Legendary Florida lawyer Wm. Reece Smith, Jr., died on January 11, less than a month before he was scheduled to receive a Lifetime Achievement Award from The Florida Supreme Court Historical Society. He was 87.
His friend and fellow former ABA President Martha Barnett said it was fitting the last award Smith received was from the society, “giving new meaning to the old cliché that maybe, just maybe, we saved the best for last.”
Barnett told those attending the FSCHS’s annual dinner in Tallahassee that Smith knew he was to receive the award.
“I’m told that at his bedside, as they read the words on the plaque, they were rewarded with one of his thin-lipped, quiet smiles and his twinkling eyes,” she said.
Barnett said it is an understatement to say Smith was an active member of the Bar, as he is the only American lawyer to have been president of a local bar, a state bar, the ABA, and the International Bar Association.
“He did not use the power that comes from those positions for personal ambitions, but rather to give meaning to the rule of law,” said Barnett, noting that in 1981 Smith helped save the Legal Services Corporation from extinction, which defined his ABA presidency.
“If not for Reece Smith, there may not be a federally funded program for legal service to the poor,” she said.
Smith understood the promise of equal access to justice only has meaning if it is “equal justice for all, especially for those who could not afford to pay for it,” Barnett said.
The life and contributions of Justice Ben Overton were also remembered at the FSCHS dinner. Overton passed away December 29 in Gainesville of complications from heart surgery. He was 86 and had spent 25 years on the Supreme Court.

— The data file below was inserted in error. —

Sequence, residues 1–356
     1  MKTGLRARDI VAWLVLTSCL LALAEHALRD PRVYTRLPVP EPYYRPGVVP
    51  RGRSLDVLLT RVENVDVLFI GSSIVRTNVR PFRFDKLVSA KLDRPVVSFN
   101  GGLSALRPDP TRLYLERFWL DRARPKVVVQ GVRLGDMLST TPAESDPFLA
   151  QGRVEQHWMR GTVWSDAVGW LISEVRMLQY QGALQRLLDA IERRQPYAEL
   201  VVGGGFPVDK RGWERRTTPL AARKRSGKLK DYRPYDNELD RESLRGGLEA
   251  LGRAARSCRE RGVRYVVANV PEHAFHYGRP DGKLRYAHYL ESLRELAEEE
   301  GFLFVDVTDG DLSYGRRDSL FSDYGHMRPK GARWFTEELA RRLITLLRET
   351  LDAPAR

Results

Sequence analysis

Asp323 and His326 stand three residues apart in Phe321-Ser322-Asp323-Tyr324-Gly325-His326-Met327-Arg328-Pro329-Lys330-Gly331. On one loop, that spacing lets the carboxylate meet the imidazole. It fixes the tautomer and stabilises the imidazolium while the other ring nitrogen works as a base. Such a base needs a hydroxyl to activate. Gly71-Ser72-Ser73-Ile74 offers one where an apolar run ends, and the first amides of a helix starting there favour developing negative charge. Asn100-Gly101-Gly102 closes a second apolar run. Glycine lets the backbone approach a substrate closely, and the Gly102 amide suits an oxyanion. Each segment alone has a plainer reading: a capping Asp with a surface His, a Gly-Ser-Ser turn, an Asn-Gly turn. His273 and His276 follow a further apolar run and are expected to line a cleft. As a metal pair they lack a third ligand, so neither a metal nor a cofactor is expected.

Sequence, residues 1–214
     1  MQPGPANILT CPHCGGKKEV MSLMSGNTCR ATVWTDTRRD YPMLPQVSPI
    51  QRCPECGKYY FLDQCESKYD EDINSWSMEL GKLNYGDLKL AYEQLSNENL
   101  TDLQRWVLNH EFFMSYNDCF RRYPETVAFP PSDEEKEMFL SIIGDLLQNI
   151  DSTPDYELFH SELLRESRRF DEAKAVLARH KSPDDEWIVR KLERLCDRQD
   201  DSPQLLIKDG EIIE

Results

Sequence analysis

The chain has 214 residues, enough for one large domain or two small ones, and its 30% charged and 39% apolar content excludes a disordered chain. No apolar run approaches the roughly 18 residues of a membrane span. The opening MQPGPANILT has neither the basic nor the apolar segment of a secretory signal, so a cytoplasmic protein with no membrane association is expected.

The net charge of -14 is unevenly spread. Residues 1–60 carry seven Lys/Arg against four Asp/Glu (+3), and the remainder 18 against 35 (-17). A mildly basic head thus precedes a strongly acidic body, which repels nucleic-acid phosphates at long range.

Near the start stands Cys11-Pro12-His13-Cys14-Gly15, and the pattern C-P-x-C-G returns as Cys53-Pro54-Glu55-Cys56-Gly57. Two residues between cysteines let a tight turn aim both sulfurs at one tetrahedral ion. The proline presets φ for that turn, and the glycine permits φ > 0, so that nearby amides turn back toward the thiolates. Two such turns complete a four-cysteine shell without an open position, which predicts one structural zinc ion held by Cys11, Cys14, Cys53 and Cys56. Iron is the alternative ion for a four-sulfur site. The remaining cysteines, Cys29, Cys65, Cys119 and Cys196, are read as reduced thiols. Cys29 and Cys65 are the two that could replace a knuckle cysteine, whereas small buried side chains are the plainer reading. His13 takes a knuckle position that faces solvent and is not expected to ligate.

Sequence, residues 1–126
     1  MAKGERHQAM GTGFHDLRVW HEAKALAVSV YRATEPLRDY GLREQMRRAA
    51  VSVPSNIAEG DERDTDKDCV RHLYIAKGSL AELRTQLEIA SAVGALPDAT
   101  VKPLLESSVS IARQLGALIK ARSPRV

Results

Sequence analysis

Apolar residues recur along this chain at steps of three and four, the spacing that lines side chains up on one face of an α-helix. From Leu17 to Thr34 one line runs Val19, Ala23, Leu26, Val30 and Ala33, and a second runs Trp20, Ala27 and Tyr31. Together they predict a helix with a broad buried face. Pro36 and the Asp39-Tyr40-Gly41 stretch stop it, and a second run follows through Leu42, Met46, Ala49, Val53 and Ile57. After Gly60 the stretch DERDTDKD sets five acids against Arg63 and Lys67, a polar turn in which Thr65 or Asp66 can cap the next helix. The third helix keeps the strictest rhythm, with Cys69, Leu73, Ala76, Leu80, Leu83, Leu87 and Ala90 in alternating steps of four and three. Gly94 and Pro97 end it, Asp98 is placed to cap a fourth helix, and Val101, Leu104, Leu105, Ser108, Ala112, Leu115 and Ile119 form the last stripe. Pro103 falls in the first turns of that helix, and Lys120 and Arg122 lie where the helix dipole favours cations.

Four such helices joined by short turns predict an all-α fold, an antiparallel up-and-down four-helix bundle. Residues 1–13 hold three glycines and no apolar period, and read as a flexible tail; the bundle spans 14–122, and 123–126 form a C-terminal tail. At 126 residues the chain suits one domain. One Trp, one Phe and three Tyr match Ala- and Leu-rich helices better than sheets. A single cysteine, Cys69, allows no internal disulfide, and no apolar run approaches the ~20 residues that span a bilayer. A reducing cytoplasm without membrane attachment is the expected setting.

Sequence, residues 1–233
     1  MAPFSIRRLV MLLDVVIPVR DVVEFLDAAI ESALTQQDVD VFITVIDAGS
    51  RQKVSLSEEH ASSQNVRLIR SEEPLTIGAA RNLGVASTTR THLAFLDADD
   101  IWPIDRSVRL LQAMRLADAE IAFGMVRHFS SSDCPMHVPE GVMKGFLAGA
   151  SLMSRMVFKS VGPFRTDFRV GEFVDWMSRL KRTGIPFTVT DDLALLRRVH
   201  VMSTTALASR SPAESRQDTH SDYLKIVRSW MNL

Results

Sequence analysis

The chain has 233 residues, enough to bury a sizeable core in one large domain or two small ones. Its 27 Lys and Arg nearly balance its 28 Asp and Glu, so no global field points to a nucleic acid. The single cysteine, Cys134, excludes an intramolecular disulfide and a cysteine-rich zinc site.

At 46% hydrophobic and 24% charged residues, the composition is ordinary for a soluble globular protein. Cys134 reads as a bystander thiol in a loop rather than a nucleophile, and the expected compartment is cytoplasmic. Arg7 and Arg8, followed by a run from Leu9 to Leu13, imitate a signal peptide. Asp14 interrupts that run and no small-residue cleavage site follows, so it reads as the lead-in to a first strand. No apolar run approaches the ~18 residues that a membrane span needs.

Stephen Grimes, who served with Overton on the high court for 12 years and was his neighbor in Tallahassee, said the most significant event in Overton’s professional life was when Gov. Askew appointed him to the Supreme Court in 1974, after it earlier had become involved in scandal. He was the first justice chosen through the merit selection process created by Askew that soon was added to the Florida Constitution.
From his appointment until his retirement in 1999, Overton authored more than 1,400 decisions and was a central figure in a vast series of reforms that made his court one of the most respected and accessible in the nation.
“Gov. Askew told Ben, ‘I want you to go up and clean up the Supreme Court,’” Grimes said. “And he did.”
Grimes said Overton not only helped restore the integrity and reputation of the court, but also helped make Florida one of the first states to allow television coverage of court cases and was instrumental in making the Florida Supreme Court one of the first in the world to have a website.
“He was the kind of guy who saw a problem, and he would get it done,” Grimes said.